Marek Więcek's Home-Built Pegasus Brings Back a Famiclone From Poland's Console Gaming History

Revisiting a childhood spent playing a genuine NES is easy enough, but a rare Famiclone called the Pegasus? Easier to build your own!

Gareth Halfacree
22 days agoRetro Tech / Gaming / HW101

For nostalgia-surfers eager to recreate a childhood spent with a Nintendo Entertainment System or Sega Genesis, functional units are easily sourced — but what about those who grew up with something rarer, like Marek Więcek and his Pegasus? There's only one choice: Build your own.

"In English speaking countries [the] name 'Pegasus' probably doesn't carry any special meaning for video game enthusiasts," Więcek explains. "But almost everyone who grew up in Poland during the 90s feels rush of nostalgia while hearing about 'Pegasus.' What was that? From modern perspective nothing especially spectacular — just a unlicensed clone of Nintendo Famicom, distributed at market places. But when I was a child it was a dream."

If you grew up with a rare Famiclone as your console, the easiest way to revisit it might be to build your own. (📹: Marek Więcek)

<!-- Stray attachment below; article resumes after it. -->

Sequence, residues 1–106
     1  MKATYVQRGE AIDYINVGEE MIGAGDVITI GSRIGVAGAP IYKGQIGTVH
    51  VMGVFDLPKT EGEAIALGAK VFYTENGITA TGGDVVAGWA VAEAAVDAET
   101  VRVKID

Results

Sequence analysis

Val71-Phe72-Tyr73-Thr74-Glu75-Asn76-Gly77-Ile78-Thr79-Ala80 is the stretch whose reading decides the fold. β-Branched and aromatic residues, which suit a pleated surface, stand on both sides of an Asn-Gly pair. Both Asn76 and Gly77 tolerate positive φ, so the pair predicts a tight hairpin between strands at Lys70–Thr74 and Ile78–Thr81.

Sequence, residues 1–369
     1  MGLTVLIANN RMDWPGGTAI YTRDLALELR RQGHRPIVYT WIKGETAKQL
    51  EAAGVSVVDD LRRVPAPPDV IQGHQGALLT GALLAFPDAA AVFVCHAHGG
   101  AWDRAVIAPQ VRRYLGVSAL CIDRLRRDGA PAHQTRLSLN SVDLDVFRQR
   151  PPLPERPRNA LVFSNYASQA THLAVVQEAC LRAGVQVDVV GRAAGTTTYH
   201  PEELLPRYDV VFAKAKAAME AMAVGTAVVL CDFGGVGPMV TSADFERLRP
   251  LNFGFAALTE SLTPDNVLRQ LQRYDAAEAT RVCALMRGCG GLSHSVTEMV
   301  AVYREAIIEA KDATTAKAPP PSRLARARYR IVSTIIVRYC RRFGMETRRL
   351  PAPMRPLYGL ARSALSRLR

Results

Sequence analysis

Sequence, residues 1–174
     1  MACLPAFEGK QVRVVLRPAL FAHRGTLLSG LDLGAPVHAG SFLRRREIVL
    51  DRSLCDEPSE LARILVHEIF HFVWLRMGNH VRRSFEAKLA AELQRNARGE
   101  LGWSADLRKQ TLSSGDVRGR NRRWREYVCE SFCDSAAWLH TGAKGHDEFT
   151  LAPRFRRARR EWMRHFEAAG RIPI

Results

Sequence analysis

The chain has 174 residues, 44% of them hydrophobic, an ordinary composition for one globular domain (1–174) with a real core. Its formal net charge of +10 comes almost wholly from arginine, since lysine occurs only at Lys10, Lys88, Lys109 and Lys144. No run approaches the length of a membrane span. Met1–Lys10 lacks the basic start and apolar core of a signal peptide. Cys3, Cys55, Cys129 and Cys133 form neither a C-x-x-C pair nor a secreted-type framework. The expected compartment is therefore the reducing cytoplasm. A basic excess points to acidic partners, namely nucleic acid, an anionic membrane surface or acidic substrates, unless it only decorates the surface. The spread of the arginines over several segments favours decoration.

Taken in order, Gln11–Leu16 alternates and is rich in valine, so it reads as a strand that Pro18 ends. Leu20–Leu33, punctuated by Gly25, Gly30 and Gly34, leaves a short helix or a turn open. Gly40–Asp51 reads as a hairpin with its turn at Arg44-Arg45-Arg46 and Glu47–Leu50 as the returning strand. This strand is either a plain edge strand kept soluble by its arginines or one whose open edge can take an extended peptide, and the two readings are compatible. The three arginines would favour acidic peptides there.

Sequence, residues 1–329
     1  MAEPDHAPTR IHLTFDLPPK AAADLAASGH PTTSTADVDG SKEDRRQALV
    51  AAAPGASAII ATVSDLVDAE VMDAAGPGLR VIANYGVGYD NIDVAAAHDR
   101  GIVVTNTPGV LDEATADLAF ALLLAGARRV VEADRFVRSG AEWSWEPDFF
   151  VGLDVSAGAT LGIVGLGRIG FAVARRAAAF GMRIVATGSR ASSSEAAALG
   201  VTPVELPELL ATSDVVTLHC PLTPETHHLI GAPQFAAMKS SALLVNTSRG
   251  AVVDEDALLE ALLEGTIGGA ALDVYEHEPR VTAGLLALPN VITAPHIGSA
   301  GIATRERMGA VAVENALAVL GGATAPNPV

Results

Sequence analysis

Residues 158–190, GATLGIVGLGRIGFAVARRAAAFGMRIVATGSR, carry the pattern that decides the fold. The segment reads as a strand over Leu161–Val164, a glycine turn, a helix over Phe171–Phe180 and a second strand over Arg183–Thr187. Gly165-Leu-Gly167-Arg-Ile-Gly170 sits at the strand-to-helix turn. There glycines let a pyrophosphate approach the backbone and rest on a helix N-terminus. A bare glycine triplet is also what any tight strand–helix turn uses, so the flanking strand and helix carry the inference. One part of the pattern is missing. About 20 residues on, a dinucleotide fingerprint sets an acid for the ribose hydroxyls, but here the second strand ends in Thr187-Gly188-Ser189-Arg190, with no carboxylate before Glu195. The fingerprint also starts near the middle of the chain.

Developed by Micro Genius, the Pegasus, first released in Poland in 1991, was designed to be a clone of the Nintendo Famicom, the Japanese console, which was brought to the US as the NES. Using custom game pads with built-in turbo-fire functionality, the console was compatible with 60-pin Famicom cartridges — though rampant piracy meant most gamers of the era played bootleg multi-game cartridges rather than expensive imports.

"I was able to buy two chips that were used in that in that console (or at least in early hardware revisions, later they were using just a 'NES on chip' under epoxy blob): UA6527 (CPU) and UA6538 (graphics controller)," Więcek explains of the project. "At the beginning I wasn't even sure if the chips I got are in working condition. Without any compatible device I wasn't able to simply test them. Because of that I ditched my initial idea to design and etch PCB for this project. Instead I decided to build the device on universal board, using wire."

The resulting DIY Pegasus uses the same components as the original, but places them in a prototyping board with wire-wrap connections underneath. A replica cartridge slot accepts 60-pin Famicom cartridges and compatibles, just like the original, while an adapter provides support for a subset of NES cartridges.

"[The] first step was to wire just a CPU and test it by forcing NOP instruction execution with resistors," Więcek writes. "Then I wired memory and executed simple code for blinking LED connected to CPU integrated IO. When that worked just fine, I finally added graphic chip, cartridge slot and pad connectors, using low-res scans of schematics I found on-line as my only reference."

Więcek's full write-up is available on the project's page.

Gareth Halfacree
Freelance journalist, technical author, hacker, tinkerer, erstwhile sysadmin. For hire:
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